An Extra Intense Allergy Season

Updated: 05/15/2014 6:55 AM
Created: 05/14/2014 2:43 PM
By: Brittany Falkers

With sunny days like Wednesday, it seems like the long winter is finally over.  While outdoor enthusiasts are rejoicing, seasonal allergy sufferers are taking cover.  The season of congestion, itchy watery eyes and oh so many sneezes is here.

Josephine Lepak suffers from allergies all year long, but she says they always rev up and get worse want spring has sprung.
"This beautiful, but nasty season," Lepak said.  "As the grass starts coming and the trees start coming it's going to get worse again."

Many people might think this long winter and cold spring would keep allergy season short and sweet.  However, it could actually make it more intense, according to Allergist Alaadin Kandeel.

"One of the most important determining factors for pollen count is actually the preseason temperature," Kandeel said.  "meaning, if the temperature has been cold like it has been here, the trees, which is supposed to pollinate certain time will be delayed.  This means the trees will pollinate all together - this will reflect an increased pollen production and more symptoms for the allergy sufferers."

So, a short warm winter means a longer allergy season, but a long cold winter, like this year's, calls for an extreme season of suffering.

"The trees, which are supposed to pollinate at a certain time will be delayed," Kandeel said.  "The trees will pollinate all together, this will reflect an increased pollen production and more symptoms for the allergy sufferers."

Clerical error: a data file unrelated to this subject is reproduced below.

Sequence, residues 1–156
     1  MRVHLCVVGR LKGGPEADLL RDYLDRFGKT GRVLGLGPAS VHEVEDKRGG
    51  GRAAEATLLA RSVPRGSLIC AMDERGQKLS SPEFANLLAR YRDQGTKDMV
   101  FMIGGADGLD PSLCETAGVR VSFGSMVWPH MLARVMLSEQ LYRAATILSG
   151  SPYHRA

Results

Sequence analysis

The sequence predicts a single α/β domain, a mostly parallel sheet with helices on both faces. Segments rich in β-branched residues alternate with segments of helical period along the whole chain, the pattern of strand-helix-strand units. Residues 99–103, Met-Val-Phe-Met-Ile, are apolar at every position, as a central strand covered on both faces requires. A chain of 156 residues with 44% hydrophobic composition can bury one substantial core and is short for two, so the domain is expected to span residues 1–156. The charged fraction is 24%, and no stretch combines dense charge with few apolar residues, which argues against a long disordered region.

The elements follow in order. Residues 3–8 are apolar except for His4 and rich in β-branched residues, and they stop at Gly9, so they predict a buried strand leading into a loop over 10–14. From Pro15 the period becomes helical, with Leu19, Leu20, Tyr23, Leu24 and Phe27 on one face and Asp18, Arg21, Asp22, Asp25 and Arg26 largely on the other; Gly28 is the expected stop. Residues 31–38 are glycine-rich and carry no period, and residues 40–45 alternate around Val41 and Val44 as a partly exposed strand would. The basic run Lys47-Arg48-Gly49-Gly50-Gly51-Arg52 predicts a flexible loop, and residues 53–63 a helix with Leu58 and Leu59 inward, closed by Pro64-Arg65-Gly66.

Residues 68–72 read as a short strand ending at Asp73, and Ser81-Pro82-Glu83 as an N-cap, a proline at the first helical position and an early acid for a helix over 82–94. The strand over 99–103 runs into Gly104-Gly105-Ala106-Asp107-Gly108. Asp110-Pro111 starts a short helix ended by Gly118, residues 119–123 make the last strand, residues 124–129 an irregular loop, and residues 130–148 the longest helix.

Allergies are actually your immune system over-reacting.  It can't determine what's safe and what's not. A pollen isn't actually dangerous, but the immune system thinks it is - causing sneezing and watery eyes.

"It's not the pollen themselves, it's actually the immune system response that causes their symptoms," Kandeel said.

Many people find relief in over the counter antihistamines, such as nasal sprays and pills.  However, serious allergy suffers may choose allergy shots to ease that immune reaction. 

Bonnie Garner suffers from a range of allergies, both seasonal and year-round.  She's been using allergy shots for years to help reduce that immune hypersensitivity.  She says she used to use over the counter pills, but they weren't enough.

"They pretty much stopped working and you just feel kind of fuzzy mouthed with all that," Garner said.  "So somebody told me to try it and it actually worked for me very well."

It's not an option for everyone, but she recommends it for those who haven't found relief with other medications and treatments.

"It's worth it, it really is. Taking pills isn't worth it, doing this once a month or once a week and it's done," she said.

Kandeel says it's important to find what works for you, but he really suggests getting an allergy test.

"Not only to inform you what you're allergic to, but also so you know what to expect." Kandeel said.  "For example, if you are allergic to certain tree pollens - then you monitor the pollen count on the news or the radio then you know this not a good day to go out in the morning and go for a run for example

So, as the weather keeps warming and the trees start seeing those pretty little buds on them - beware, because your allergies might just get worse. 

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